You don’t often hear the word ‘commute‘ without a complaint attached to it.
Those who catch public transport or drive considerable distances at the bookends of the work day can rattle off a long list of grievances — everything from miserable traffic to arctic air-con and fellow train passengers who seemingly haven’t been introduced to headphones (or deodorant).
Yet new Australian research indicates that for some people, long transit time comes with wellbeing benefits.
As part of the Commuting Life project — a venture by the Australian National University and Australian Research Council — researchers interviewed 53 people whose lives were significantly impacted by commuting, along with 26 relevant stakeholders.
They also conducted two ‘week in the life’-style experiments in Sydney to observe commuters during their journeys.
Watch: Six easy ways to de-stress. (Post continues after video.)
The findings established that while commuting could be a negative experience, thanks to unpleasant encounters with fellow passengers and concerns for personal safety (something female travellers unfortunately know too well), many travellers saw it as a positive part of their daily schedule.
For some, commuting is an important piece of the puzzle that is work-life balance, and a fixed period of time they had actually had control over. It gave them a chance to process work-related issues that might be “unwelcome” at home, and to temporarily escape from their responsibilities.
Many of the people surveyed said the trip to and from work was the only time they really had to themselves throughout the week, so they made the most of it.
Some used the time for relaxation and meditation, while many public transport users seized the chance to watch TV and play games on their phone, or to chat with friends.
Imagine what commuting would be like if the bus was always this empty. (Image: iStock)
Similarly, the commuters of the Mamamia office use their travel time in myriad ways.
Several welcome the opportunity to take their eyes off their screen, opting to catch up on podcasts or sit with their thoughts instead.
Others read books, listen to music, people-watch, give their friends a quick call, or listen to online meditation exercises — "I even time it so I know what station to start it at that will give me enough downtime so I don't have to worry about missing my stop."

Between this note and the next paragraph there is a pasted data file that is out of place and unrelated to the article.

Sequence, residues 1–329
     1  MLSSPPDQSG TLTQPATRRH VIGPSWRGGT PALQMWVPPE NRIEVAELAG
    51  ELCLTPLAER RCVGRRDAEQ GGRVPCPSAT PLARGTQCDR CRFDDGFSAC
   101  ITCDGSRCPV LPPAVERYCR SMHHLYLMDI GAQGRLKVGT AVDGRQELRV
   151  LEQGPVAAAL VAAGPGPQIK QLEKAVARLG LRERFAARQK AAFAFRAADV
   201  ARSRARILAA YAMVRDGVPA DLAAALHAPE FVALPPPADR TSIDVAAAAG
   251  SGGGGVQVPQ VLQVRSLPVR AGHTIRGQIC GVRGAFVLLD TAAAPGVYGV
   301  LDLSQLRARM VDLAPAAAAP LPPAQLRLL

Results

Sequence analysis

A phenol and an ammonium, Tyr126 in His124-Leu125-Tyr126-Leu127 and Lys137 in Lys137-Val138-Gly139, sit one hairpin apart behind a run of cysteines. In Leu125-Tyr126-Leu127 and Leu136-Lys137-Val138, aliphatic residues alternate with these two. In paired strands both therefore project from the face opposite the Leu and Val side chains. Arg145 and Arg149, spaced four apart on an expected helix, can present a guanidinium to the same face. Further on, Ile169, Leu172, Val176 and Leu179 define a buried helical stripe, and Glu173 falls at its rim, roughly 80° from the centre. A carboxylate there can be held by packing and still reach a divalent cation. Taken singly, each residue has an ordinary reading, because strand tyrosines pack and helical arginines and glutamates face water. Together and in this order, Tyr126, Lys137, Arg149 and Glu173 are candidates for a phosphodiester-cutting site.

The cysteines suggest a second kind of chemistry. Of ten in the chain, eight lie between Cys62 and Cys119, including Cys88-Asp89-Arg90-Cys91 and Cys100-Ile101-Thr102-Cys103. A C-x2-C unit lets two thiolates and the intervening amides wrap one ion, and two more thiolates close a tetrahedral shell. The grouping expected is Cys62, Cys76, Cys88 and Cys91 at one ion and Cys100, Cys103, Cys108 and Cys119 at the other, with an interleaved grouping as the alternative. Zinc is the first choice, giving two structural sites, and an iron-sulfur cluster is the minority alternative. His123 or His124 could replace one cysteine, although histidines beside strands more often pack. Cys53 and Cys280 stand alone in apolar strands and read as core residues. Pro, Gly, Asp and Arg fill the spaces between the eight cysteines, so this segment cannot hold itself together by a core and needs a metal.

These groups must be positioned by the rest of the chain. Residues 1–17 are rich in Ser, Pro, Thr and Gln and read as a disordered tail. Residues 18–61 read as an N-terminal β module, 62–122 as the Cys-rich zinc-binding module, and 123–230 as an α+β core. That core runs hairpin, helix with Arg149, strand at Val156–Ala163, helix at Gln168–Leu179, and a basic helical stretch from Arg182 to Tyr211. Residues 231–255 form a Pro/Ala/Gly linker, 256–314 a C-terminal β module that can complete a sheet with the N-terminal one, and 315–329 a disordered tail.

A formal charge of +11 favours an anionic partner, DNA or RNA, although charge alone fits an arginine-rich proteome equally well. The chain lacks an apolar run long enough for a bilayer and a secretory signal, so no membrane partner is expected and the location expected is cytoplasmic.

Look, if you're going to be crammed in a bus for an hour, you might as well use the time constructively. Like Drew Barrymore, who appears to be one of those people who applies her makeup mid-transit.
For some of the men and women surveyed for Commuting Life, travelling to and from the office provides them with extra time to squeeze in work tasks that don't require a lot of space or confidentiality; many said they even saved these tasks specifically for their commute.
Interestingly, some commuters said they found joy in their passing interactions with fellow passengers, and in travelling with roughly the same group of people each day and watching out for them.
Perhaps this is the key to a happy commuting life. In 2014, a study performed at the University of Chicago’s Booth School of Business found commuters who were instructed to engage with their fellow passengers reported feeling happier than those who kept to themselves.
As for the urge to complain about your trip home from work... well, keep in mind that not everyone around you is on board with it.
Watch: A Paper Tiger-guided meditation to try on your next commute. Unless you're driving. (Post continues after video.)
"For some people, the journey ‘debrief’ is an important part of quickly overcoming the stress of travelling to and from work. For other people, however, having to listen to these gripes can get them down, particularly if it becomes a routine thing," the study authors explain.
In a similar vein, they found ruminating whatever commuting bugbear is bothering you can actually increase your agitation, making matters worse.
The solution? "Rather than getting caught up in these everyday commentaries, many people described how different relaxation techniques, such as mindfulness, while on the commute were an effective way of reducing stress."
So next time you're sharing a bus seat with someone engaged in an ear-splittingly loud phone conversation, just remember to breeaaaathe...
How long is your commute? How do you spend the time?
Featured image: iStock